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|First-quarter credit would hardly jump in the first quarter due to still low aggregate demand|
According to figures from Hanoi Statistical Office, credit only expanded by 0.6 per cent in the first two months of this year. The total outstanding balance reached VND2.217 quadrillion ($96.06 billion), up 0.2 per cent on-month.
Banks share that usually the demand for credit in the first quarter tends to increase slower than in the remaining quarters, making it hard to raise deposit rates.
Interest rates have reduced despite good liquidity and idle money flowing into banks. The State Bank of Vietnam (SBV) said, in January-February, total mobilised capital volume in Ho Chi Minh City grew 0.3 per cent compared to the end of last year.
Financial analysts noted as credit growth is slow, banks will likely not raise deposit rates for some time.
Nguyen Dinh Tung, general director of Ho Chi Minh City-based Orient Commercial Joint Stock Bank (OCB), shared that the appetite for capital is generally not high in the first quarter. In addition, credit institutions have reduced costs to cut interest rates based on the SBV’s policy to assist borrowers in the context of COVID-19. As a result, the deposit interest rate remains stable.
|As the pandemic is being gradually contained, banks expect on rising credit growth in the forthcoming quarters, with lending focusing on prioritised areas of production and business.|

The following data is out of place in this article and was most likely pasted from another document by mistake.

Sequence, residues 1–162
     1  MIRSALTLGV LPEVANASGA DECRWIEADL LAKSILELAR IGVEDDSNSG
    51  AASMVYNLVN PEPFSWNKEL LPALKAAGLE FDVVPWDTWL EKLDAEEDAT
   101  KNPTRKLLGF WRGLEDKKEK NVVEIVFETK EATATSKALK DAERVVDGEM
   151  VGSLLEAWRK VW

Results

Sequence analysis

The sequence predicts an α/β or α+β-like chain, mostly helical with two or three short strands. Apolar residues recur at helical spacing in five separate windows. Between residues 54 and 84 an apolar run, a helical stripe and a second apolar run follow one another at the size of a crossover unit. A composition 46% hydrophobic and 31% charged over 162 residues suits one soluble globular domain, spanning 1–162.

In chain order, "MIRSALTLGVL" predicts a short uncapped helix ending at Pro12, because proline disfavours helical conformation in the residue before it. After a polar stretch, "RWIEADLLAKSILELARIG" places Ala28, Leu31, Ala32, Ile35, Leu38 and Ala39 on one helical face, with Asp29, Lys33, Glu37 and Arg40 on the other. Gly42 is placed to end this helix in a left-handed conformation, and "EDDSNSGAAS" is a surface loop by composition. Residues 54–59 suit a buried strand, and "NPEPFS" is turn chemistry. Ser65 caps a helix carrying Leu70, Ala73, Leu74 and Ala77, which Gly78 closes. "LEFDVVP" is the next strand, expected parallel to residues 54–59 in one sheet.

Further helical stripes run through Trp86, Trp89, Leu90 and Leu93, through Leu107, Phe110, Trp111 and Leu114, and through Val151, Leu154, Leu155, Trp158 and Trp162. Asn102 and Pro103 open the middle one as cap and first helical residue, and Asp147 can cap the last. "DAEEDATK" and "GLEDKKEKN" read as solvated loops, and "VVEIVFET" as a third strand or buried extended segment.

Banking expert Nguyen Tri Hieu commented that lending interest rates would only decrease slightly. Banks posted high profits last year due to high net profit margins and lower deposit interest rates. However, rising interest rates and promoting consumer lending at the same time will be challenging.
The State Bank has set the banking industry credit growth at about 12 per cent. The goal, however, is not fixed and may be adjusted if necessary.
As the pandemic is being gradually contained, banks expect credit growth in the forthcoming quarters, with lending focusing on priority areas of production and business.
SSI Securities Corporation (SSI)’s recent assessment shows that banks will continue to benefit from lower-cost capital as the deposit interest rates have lowered by 2-2.5 per cent in 2020. The credit growth would reach 12-13 per cent this year.
Tung from OCB added that his bank would follow its retail strategy with loans prioritising small- and medium-sized enterprises and trading households. Besides, the bank will build separate products and services catering for each customer group.
Le Duc Tho, chairman of VietinBank, one of the four leading state commercial lenders, noted the bank targets credit growth at 8-11 per cent this year, but it also depends on market conditions and the SBV’s monetary policy.
Meanwhile, privately-held LienVietPostBank said that the bank will continue implementing its retail strategy, concentrating on lending for priority areas such as agriculture and rural development, green and high-tech agriculture which are less affected by the COVID-19 epidemic, so the efficiency of lending would be high.
According to Tran Du Lich, a member of the National Financial and Monetary Policy Advisory Council, a sharp drop in interest rates would not boost credit as the aggregate demand remains declining. Besides, lending activities should be monitored carefully to limit bad debt emergence.